- 1 Choosing a distribution
- 2 How to get a Distribution?
- 3 Installation Guides
- 4 Configuring Linux
- 5 Where to get general help
- 6 What next? How to make the most of Linux.
- 7 How to keep a distribution up to date
Choosing a distribution
Main article: Choosing a Linux distribution.
If you just want to try Linux your best choice is to use VMware to create a virtual machine and install Linux on it. Always use the distribution that the Linux guru next door uses, so if you have any problems you can ask him or her for help.
- Note about source based distributions
- If you are interested in the nuts-and-bolts of Linux, and don't mind reading a long list of instructions, then running through a Gentoo installation may be for you. A source based distribution such as Gentoo encourages its users to come to grips with Linux system management by making them configure, compile and set up everything from scratch. It's really worth doing if you have the time to learn that way, and the learning method and quality of the documentation set it apart from most other distros.
In general if you don't need special features or have exotic hardware requirements and little or no Linux knowledge you are on the safe side using one of the major distributions, i.e. Ubuntu, Fedora, openSuSE, Red_Hat, Manjaro. All them are equipped with a graphical installation, preconfigured desktop and graphical configuration tools.
Of course if you require to run Linux on a pre Pentium machine you might get in trouble using the latest Fedora, etc. because they may not support every processor type and require a certain amount of system memory, try an older version of Mandrake or Red Hat. On the other hand using the latest technology may confront you with a lack of drivers and proper support unless you get a development / factory version from a frequently updated distro.
Some Live CD distributions, such as Knoppix or Ubuntu allow you to test-drive before you install. Knoppix is well-known for its very good automatic detection and configuration system and is a useful diagnostic tool to help you gather info about your system before installing any chosen distro.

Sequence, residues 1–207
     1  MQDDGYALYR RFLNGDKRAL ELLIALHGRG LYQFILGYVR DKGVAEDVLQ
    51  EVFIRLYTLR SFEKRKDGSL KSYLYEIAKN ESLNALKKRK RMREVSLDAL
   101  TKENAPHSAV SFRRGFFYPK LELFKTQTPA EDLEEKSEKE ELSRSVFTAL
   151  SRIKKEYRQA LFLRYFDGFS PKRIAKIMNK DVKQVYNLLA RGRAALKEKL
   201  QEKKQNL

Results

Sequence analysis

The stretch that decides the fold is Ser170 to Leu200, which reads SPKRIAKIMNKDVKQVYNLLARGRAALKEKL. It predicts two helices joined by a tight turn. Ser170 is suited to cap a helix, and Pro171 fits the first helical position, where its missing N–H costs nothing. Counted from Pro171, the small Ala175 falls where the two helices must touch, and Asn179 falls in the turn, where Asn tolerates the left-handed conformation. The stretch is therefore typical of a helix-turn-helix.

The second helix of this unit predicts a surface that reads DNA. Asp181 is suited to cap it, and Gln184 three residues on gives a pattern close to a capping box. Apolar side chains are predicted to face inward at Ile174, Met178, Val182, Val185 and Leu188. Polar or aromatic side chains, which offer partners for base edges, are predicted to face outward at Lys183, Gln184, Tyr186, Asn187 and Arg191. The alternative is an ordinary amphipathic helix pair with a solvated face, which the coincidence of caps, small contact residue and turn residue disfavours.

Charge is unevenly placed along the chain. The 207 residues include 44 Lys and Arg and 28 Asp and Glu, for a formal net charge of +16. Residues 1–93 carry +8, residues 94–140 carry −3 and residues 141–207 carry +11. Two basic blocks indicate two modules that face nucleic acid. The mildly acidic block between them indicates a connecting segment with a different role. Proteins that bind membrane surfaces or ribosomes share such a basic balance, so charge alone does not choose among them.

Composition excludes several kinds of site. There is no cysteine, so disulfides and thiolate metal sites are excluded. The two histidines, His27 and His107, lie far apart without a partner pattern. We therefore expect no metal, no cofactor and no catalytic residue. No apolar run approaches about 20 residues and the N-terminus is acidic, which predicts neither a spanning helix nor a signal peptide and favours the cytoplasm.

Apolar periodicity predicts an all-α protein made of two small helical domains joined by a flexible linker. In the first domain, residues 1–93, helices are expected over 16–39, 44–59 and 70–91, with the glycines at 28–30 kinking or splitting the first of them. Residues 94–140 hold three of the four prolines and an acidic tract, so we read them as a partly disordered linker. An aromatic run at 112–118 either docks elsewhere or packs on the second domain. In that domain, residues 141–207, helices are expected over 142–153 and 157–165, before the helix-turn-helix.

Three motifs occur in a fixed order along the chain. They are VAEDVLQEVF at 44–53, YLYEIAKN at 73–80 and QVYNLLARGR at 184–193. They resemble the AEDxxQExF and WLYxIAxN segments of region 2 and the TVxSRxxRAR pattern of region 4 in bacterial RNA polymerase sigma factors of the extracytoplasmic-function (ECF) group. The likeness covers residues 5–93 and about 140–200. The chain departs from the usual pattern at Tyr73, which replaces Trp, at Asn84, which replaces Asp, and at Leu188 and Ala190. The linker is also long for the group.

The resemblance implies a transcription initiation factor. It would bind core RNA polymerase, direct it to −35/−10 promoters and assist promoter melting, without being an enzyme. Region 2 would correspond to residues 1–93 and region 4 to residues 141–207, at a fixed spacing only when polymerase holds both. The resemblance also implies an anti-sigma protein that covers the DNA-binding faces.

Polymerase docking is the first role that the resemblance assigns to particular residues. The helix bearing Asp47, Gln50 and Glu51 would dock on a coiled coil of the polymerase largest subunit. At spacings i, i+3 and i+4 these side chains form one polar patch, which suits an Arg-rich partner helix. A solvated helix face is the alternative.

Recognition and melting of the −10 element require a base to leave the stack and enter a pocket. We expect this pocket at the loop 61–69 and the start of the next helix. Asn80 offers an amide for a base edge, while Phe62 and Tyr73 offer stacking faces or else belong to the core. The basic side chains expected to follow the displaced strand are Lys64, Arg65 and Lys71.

A majority of distributions make a good attempt at autodetecting the target system's hardware, though WiFi device auto-detection is still more or less non-existent if not using an Intel based chip.
How to get a Distribution?
- Buy a boxed distribution online or in a store. This way you get user guides specific to your distribution and support from the distributor. If you buy an official copy some of the money will help maintain the distribution.
- Download the ISO files and burn your own CD set. The ISO files can be found at the main distribution site or on countless mirrors. If the option exists, downloading from a distributed P2P network such as BitTorrent is preferable. Using p2p the download is likely to be faster, especially at busy times, and the cost to the distributor is far less than over ftp.
- Download only a small installation CD or floppy image and install your system directly per FTP Install or HTTP Install. Only the selected software is downloaded which is in most cases faster than downloading the whole CD set. But not every distribution supports this installation type.
- Sometimes magazines add partial or even complete distributions, occasionally before they are made available online.
- Installing Slackware and Gentoo
- Installing Slackware with LVM-partitions
- Installing on Old Machines (Survival Guide)
- Debian Sarge Installation Guide - step by step debian linux installation guide
- Debian Etch Installation - step by step debian etch installation guide with screenshots
Co-habitating with Microsoft Windows® (Dual Booting)
- Help! I reinstalled Windows and Linux disappeared!
- I want to ditch Linux and get back to Windows
- Booting from USB